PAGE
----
Macron’s Napoleonic plans play a role: if he does not revive the status of world power for France, then at least put the republic at the head of a united Europe. If Germany positions itself as the EU’s most powerful economy, Macron wants to turn France into the “muscles of the European Union” and the guarantor of regional security.

Related: Merkel and Macron urges Turkey to stop attack in Syria

According to the Global Firepower rating, in 2019 France in number five in the world in military power, and its armed forces (388,000) are the most combat-ready ones in Europe. After Brexit, France will become the only EU member state possessing nuclear weapons and a navy of the open sea capable of mobile operations anywhere in the world.

The French army is mobile and has experience of rapid deployment in third countries. After 2001, French troops took part in military operations and peacekeeping missions in Afghanistan, Côte d'Ivoire, Chad, Libya, Somalia, Mali, the Central African Republic, Syria, and Iraq.

According to Business Insider, the French counterterrorism unit, National Gendarmerie Intervention Unit (GIGN), is ranked 5th out of 8 strongest special forces units, second only to Israeli, British and American special forces.

French cannot fully rely on the support of their European brothers in arms. Armed forces of Germany have problems associated with the obsolescence of the fleet of military equipment, the lack of pilots. German pilots often change the seat of a fighter to the helm of a civilian airliner because of a higher salary.

Germany's defense spending does not reach 2% (plans to increase to 1.5% of GDP by 2024). Of all the NATO member countries, only Latvia, Poland, Romania, the United Kingdom, Estonia, and Greece increased defense spending to 2% of GDP and above. The share of American contributions in the NATO budget is 22%. To date, 65,000 American troops are deployed in European countries. Half of them are housed in Germany.

Related: Emmanuel Macron’s turn to Russia makes EU uneasy

According to the Global Firepower rating, the armed forces of 18 EU member states are inferior in terms of military power to the Ukrainian armed forces (8th place among European countries), despite supply problems, outdated weapons, and equipment, flourishing corruption, slow reform according to NATO standards.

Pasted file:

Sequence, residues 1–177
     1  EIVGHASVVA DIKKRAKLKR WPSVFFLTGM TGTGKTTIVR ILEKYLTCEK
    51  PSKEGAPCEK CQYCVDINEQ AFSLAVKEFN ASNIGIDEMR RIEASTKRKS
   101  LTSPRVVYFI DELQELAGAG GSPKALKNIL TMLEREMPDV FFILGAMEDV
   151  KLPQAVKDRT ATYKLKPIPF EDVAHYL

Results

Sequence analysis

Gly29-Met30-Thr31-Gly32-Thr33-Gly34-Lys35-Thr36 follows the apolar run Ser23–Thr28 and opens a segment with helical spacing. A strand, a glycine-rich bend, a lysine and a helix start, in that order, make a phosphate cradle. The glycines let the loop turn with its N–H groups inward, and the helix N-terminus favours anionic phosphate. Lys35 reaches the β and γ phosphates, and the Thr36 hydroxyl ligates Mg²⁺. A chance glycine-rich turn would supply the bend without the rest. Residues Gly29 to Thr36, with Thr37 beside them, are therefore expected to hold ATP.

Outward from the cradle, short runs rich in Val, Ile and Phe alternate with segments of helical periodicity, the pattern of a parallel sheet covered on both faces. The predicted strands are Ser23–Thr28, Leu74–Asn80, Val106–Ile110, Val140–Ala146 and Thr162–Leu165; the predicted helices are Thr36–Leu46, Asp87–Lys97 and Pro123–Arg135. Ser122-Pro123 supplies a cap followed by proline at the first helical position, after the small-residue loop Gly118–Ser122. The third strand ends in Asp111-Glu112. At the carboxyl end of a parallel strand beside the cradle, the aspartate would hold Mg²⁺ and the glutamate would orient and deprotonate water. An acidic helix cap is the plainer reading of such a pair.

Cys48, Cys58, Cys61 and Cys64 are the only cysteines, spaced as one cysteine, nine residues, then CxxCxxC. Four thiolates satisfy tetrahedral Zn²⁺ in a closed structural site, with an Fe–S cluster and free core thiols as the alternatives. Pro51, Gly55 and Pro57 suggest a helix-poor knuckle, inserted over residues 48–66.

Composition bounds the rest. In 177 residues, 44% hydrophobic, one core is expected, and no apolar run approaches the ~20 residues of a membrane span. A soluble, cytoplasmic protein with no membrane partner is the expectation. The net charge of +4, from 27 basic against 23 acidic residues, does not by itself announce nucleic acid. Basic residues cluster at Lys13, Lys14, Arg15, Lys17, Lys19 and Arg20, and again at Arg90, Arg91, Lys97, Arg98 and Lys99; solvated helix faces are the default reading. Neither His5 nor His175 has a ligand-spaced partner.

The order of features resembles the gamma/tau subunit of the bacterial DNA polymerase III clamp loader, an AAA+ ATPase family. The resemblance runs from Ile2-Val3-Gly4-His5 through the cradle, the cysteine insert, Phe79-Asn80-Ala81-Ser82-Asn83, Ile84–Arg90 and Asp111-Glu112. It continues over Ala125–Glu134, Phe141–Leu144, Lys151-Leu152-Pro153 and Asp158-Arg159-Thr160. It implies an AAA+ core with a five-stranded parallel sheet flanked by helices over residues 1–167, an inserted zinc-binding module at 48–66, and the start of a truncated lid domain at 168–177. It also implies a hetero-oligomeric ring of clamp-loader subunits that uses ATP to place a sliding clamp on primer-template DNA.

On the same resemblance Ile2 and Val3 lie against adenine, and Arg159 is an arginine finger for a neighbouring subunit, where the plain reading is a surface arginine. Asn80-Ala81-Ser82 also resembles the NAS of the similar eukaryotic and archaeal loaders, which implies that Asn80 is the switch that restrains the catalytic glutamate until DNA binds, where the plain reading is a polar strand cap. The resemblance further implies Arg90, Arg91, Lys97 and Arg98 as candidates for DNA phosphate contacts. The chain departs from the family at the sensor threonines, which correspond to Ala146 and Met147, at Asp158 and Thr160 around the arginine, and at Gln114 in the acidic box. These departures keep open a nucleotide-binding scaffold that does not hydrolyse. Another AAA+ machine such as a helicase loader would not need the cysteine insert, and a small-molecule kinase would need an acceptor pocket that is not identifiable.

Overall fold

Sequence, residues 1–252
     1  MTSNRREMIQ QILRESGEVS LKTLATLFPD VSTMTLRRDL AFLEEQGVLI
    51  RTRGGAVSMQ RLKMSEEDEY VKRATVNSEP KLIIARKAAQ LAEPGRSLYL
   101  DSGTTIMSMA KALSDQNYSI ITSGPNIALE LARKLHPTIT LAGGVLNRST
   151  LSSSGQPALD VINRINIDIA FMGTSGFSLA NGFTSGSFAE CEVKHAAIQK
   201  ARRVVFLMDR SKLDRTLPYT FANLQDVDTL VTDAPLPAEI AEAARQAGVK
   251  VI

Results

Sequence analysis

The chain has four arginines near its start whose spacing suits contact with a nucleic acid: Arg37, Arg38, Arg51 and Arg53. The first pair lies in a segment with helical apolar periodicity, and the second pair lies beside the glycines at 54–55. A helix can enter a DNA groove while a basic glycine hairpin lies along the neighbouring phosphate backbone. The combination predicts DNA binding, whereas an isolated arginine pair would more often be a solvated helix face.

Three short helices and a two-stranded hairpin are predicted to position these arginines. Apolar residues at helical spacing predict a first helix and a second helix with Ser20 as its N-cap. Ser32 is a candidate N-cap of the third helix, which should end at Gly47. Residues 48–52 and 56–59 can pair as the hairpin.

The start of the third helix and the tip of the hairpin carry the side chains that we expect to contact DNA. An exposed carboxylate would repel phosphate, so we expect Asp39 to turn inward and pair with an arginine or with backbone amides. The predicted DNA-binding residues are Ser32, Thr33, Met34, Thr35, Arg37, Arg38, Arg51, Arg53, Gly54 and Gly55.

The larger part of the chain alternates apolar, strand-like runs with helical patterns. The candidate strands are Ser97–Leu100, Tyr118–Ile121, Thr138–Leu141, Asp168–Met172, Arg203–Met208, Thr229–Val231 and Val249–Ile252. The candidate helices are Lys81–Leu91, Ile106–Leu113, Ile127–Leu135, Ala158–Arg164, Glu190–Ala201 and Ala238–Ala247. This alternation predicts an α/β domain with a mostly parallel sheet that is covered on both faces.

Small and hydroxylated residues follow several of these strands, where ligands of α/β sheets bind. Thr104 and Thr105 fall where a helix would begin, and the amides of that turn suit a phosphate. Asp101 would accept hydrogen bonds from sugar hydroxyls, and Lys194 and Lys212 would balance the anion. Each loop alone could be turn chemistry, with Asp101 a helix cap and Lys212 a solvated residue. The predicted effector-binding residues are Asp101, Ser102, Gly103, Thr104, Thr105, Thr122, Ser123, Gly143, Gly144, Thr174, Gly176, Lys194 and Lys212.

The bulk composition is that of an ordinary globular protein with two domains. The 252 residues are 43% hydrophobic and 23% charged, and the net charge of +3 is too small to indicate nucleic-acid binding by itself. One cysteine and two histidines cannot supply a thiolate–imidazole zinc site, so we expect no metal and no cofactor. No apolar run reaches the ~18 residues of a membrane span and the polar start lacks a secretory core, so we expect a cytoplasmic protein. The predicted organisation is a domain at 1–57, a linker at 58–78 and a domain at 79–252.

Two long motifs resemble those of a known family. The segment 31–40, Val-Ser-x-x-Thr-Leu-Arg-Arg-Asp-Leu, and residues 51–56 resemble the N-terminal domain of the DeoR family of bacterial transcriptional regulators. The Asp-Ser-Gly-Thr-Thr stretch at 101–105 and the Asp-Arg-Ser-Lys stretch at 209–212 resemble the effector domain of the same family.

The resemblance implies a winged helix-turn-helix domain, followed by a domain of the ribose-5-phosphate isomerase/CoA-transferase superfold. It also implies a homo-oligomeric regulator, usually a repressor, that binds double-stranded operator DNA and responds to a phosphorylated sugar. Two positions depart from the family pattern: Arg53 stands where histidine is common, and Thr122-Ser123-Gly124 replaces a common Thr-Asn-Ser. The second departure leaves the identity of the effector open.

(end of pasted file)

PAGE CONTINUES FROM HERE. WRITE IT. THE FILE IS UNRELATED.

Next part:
Only 15,500 people serve in the Danish armed forces, 11,500 in Ireland, and 5,300 thousand in Estonia, respectively. In 2018, former Danish Minister of Defense Klaus Frederiksen noted that the country relies entirely on the United States to ensure security. Macron's idea is far from the real state of the armed forces of the EU member states.

Deepening NATO split

Macron’s demarche says the split in NATO is deepening. The drift of France followed the initiative of Turkey, which, despite membership in NATO, launched a military operation in northeastern Syria without coordination with Brussels.

NATO is no longer the same monolithic Atlantic camp as during the Cold War. All because the countries of Western Europe and Turkey do not perceive Russia and China as serious challenges to European security, they believe that they will cope with the threat of Islamic extremism without the help of Americans.

Related: On Russia, Macron is mistaken

A negative role was played by the position of the Trump team, which saves on European security. NATO is losing importance because the US is trying to take some costs off. Macron’s idea of ​​a European army is unpopular in Washington and can be used to refuse to guarantee the security of its European partners.

However, Trump forgets that the European partners in NATO have always been the stronghold of US influence in Eurasia. In the context of a split in the alliance, it will be easier for Moscow to play on the contradictions of Washington, Brussels, and Ankara, to intervene in the political processes of European countries.